## Smartphone weekend at phaeno in Wolfsburg

So, this is just a quick reminder that there will be a smartphone physics event on 11th and 12th of March at the phaeno in Wolfsburg. Now with a link to further details on their website (in German).

## Experiment database and worksheets

The listing of our experiments has changed. When you click the experiments link above, you will find a database of experiments, which you can filter by information and media available for each experiment.

As additional news, we now also feature worksheets for school. Unfortunately, so far these are only in German. If you have developed a worksheet yourself (in any language), we are happy to include it into our database. The only requirement is, that you apply a Creative Commons licence which allows to distribute the worksheet this way and note this on the worksheet. Just send any material to us via email.

## Collective measurement of pendulum frequencies

As part of an optional assignment, we asked our students to create a pendulum, measure its frequency with phyphox and submit the results via a web form. I just picked up the data and got thrilled as the result is amazing:

I just had to clean out some obvious cases in which students did not use the correct units (no, they did not build a 69m pendulum).

They did not even know anything about the math of oscillations. Instead, I will introduce this topic in tomorrow’s lecture and will then use their own data to verify the result for the frequency of a pendulum:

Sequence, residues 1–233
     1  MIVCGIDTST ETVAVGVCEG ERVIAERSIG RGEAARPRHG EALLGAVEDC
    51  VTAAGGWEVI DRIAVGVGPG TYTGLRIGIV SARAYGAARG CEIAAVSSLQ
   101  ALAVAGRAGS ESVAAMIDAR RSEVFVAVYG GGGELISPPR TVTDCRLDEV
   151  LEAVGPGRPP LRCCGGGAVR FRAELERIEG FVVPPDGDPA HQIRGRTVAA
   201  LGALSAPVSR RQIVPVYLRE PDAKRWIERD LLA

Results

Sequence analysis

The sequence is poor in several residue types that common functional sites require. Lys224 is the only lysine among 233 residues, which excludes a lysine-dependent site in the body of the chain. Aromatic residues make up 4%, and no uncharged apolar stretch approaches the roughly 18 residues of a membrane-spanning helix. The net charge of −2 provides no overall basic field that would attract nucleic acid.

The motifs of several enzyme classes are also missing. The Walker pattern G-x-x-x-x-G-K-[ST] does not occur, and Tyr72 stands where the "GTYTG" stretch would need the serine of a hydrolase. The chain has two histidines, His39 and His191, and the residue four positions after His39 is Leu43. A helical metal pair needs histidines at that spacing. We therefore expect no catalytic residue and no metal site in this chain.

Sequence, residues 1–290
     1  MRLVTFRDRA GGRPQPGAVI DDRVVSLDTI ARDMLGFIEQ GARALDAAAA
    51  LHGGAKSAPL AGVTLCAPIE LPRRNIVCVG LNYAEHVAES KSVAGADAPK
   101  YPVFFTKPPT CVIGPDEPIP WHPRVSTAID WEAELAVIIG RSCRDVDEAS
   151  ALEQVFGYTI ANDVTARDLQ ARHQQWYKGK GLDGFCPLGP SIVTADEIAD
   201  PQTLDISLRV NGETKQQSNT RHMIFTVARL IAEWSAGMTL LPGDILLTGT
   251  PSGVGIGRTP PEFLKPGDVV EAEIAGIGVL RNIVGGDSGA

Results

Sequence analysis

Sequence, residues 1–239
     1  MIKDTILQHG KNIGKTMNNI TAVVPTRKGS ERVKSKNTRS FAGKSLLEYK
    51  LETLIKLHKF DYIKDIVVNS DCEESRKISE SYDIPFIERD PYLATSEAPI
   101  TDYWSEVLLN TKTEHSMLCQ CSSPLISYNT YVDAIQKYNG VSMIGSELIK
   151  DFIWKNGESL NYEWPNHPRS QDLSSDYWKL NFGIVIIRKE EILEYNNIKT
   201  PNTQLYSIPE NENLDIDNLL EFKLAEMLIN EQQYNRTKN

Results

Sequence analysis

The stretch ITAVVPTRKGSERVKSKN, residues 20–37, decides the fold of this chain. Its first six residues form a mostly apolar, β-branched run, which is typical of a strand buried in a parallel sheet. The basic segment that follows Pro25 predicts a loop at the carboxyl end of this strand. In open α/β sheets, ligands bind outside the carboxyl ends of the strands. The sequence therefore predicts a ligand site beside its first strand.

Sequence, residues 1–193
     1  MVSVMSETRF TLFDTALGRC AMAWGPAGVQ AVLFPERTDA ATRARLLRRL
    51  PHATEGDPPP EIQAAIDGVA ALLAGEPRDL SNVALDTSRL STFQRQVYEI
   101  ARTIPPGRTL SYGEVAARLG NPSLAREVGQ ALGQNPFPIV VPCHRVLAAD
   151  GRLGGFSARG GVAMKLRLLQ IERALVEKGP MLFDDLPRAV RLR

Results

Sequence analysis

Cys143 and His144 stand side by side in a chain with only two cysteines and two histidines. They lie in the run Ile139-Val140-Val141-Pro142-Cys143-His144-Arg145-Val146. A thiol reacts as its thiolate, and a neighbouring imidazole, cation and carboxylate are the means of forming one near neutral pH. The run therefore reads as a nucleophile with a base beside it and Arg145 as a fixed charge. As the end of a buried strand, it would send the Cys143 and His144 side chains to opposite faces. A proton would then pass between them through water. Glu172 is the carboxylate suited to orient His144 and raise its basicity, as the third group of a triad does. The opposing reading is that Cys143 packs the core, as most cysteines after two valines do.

$latex f = \frac{\omega}{2\pi} = \frac{1}{2\pi}\sqrt{\frac{g}{l}}&bg=404040&fg=ffffff&s=3$

## Smartphones at the phaeno

Today I had a great day at the phaeno science center. On 11th and 12th of March, they will be doing an exhibition on physics experiments with smartphones, so today we had a lot of fun trying out a bunch of ideas for this event. So, here is a little teaser video…

## Honey separator

One of our users, Christian, wondered about the centripetal (or centrifugal, depending on your reference system) force in his honey separator. He basically has got a centrifuge for his honeycombs which extracts the honey using this force, but unlike our experiment using a salad spinner, he was unable to measure the acceleration directly because it exceeds the range of the sensors in his smartphone. So, instead he attached his phone to the crank of the centrifuge and created his own phyphox experiment, which uses the gyroscope to determine the rotation speed of the crank. From this, his experiment then derives the speed of the centrifuge itself and all the forces involved, taking into account the transmission of the crank as well as the radius at which the honeycombs are placed within the centrifuge. If you are interested in this, here is a link to directly open his exeriment in phyphox and a link to download his phyphox file defining the experiment.

Thanks to Christian for sharing this unusual application with us.

## News from the last week